The following post is from Katie Engebretsen:
As a mom, there are some days that I feel the weight of the world on my shoulders.
There’s the need to feed real food to my kids to battle the obesity epidemic in America. The 3 Rs are imprinted on my brain with every decision I make. I buy the plastics that I’m told are best.
The list of things I should do is exhausting.
It is a daily challenge to find a balance between what’s best for my family and how to be a good steward with the time, money, and earth that God has given me. It is physically and mentally draining. And I know I’m not the only one out there who feels this way.
When it comes to this motherhood thing, I’m all in. Or so I think.
Each night when I turn on the TV I am bombarded with bad news. Prices on everything from milk to interest rates are skyrocketing. Add to that, high unemployment and low consumer confidence; I don’t need a degree in economics to know bad news when I see it.
Even on days that I count huge successes in parenting or stewardship, I end up lying awake at night wondering if I really am doing my part for the world in which I live. Worrying about my family is not new to me. Worrying about my country is.
I grew up with extreme confidence in America.
I knew that we were the best and I was proud to live here. I still believe we are the best and I’m ever so proud to call America my home. My confidence, though? It’s lacking.
As an innate problem solver I ask – what can I do about it? Or, realistically, what can I do about it with the hours I have left in my day? Sometimes I feel the fire in my belly to get up and fight. More often I go to bed and give it to God.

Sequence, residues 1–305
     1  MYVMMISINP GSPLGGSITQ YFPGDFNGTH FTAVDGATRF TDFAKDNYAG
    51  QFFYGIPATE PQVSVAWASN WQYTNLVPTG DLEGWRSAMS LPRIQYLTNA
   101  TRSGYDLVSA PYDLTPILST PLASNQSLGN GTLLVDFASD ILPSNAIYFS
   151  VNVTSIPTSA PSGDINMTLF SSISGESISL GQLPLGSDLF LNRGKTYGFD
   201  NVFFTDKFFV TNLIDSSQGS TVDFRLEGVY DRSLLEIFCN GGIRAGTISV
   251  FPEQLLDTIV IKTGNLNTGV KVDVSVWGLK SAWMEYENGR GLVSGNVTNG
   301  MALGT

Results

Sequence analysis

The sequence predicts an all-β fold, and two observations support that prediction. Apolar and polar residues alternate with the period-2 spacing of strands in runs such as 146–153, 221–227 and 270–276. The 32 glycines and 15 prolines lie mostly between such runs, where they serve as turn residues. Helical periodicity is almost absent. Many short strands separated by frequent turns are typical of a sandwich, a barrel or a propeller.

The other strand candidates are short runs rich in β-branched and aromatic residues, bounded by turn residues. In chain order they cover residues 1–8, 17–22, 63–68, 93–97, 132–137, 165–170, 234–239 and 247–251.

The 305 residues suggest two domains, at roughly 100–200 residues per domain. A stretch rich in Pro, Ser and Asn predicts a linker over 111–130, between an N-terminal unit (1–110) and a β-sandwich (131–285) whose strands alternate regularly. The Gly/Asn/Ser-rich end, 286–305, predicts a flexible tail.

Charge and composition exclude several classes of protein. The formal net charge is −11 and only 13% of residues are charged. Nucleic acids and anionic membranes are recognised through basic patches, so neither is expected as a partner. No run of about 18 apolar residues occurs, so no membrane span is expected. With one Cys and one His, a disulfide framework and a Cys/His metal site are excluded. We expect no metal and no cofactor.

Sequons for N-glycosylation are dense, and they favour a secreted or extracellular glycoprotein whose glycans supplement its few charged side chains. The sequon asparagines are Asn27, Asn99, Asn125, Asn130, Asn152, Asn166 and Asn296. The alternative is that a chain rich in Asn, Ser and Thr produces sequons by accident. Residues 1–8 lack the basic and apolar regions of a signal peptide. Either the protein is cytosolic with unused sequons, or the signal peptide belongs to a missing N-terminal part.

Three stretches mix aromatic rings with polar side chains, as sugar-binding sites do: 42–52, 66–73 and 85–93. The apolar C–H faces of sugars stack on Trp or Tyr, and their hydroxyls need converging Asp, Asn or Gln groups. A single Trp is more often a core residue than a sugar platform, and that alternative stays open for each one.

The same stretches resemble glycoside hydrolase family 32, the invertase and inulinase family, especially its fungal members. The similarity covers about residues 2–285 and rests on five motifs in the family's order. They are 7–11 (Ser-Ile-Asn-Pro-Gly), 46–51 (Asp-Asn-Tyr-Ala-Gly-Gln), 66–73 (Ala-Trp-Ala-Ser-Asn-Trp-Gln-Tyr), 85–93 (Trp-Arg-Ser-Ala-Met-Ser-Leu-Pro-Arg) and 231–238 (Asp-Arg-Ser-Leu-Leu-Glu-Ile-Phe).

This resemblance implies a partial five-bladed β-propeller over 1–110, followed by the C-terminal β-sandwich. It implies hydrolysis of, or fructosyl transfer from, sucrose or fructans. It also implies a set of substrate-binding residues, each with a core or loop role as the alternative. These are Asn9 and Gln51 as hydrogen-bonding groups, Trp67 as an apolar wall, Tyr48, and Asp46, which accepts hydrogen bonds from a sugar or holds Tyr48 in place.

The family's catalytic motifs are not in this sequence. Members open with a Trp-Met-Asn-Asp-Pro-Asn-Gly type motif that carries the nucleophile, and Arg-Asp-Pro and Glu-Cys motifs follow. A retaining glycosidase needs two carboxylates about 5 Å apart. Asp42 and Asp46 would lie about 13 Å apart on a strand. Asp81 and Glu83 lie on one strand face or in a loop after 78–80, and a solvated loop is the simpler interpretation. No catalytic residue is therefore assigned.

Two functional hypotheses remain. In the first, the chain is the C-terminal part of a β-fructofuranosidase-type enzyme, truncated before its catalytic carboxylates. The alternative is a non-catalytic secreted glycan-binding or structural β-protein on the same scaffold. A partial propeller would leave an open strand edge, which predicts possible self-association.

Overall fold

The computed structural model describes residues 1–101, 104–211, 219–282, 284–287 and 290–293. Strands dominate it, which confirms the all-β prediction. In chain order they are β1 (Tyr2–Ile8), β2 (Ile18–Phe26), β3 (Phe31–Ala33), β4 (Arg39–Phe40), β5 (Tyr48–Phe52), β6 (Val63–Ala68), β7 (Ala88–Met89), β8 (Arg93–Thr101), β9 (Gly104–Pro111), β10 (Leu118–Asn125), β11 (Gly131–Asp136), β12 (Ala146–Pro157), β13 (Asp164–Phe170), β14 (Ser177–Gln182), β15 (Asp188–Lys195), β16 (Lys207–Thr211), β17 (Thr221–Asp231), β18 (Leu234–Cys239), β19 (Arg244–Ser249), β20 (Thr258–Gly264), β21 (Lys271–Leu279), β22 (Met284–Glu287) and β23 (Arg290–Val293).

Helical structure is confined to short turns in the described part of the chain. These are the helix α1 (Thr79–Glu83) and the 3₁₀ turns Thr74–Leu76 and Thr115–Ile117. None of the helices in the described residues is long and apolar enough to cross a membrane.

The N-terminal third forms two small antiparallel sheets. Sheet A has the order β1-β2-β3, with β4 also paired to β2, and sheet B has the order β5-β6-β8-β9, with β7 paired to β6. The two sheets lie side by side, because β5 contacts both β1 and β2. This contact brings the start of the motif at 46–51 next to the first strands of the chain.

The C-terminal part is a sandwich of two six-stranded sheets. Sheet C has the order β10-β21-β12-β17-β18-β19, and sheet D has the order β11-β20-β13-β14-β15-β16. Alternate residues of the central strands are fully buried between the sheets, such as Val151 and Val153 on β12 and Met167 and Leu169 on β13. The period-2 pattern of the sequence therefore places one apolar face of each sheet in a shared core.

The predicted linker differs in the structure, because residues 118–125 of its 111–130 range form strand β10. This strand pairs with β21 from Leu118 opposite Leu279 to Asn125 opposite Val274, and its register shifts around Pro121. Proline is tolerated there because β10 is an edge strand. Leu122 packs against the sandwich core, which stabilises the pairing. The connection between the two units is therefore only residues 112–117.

Then, one night as I was getting my usual dose of the news, I heard a promising statistic. If Americans spend just 1% more on products made in the USA we could create 200,000 jobs! That comes out to only 18 cents a day or 64 dollars a year.
My ears perked up. I may not have control of much, but I do have control over my cash. Could I really make a difference in the economy just by choosing an American made tee shirt versus one made in Indonesia? Or a purse, a remote control, a picture frame?
Do you buy American made?
I started looking around my house to see how many American made things I owned. Boy, was that an eye opener! I do not own one clothing item that was made in the USA. Not one. Very few of our family’s toys or electronics fit the USA made bill either. Huh. My well of optimism was drying up. This wouldn’t be the easiest attempt at fulfilling my civic duty, after all.
However, when I did an Internet search for American made products, I learned that many concerned Americans have already started a pool of resources for those of us interested in building manufacturing jobs in America.
The following links are fascinating resources on the reasons we should buy American made products and where we can get them:
- How To Buy American was created by the author of How Americans Can Buy American: The Power of Consumer Patriotism, Roger Simmermaker. The site has reviews, links, and recommended reading on the subject of buying American made.
- Americans Working has a directory of products ranging from art to office supplies to uniforms all made in the great US of A.
- Made in USA and American Made Matters have more resources for your quest to buy from manufacturers who live and work in the country you’re proud to call home.
Is this an easy task?
Truthfully, no. Is it something you can do all the time? Nope. Do our kids deserve an America they can be proud of and confident in? I believe they do. I have 1% or more to spend trying to give it to them. It’s the least I can do for my kids and yours.
Do you buy American? What are your favorite American products?
Katie Engebretsen is a self-proclaimed lifelong learner. By day, she’s a stay at home mom of two active toddlers, who enjoys going to the park and impromptu living room dance parties. By night, she is a student of parenting, current events, real food, and her Christian faith, seeking out the tools to become an informed advocate for her growing family.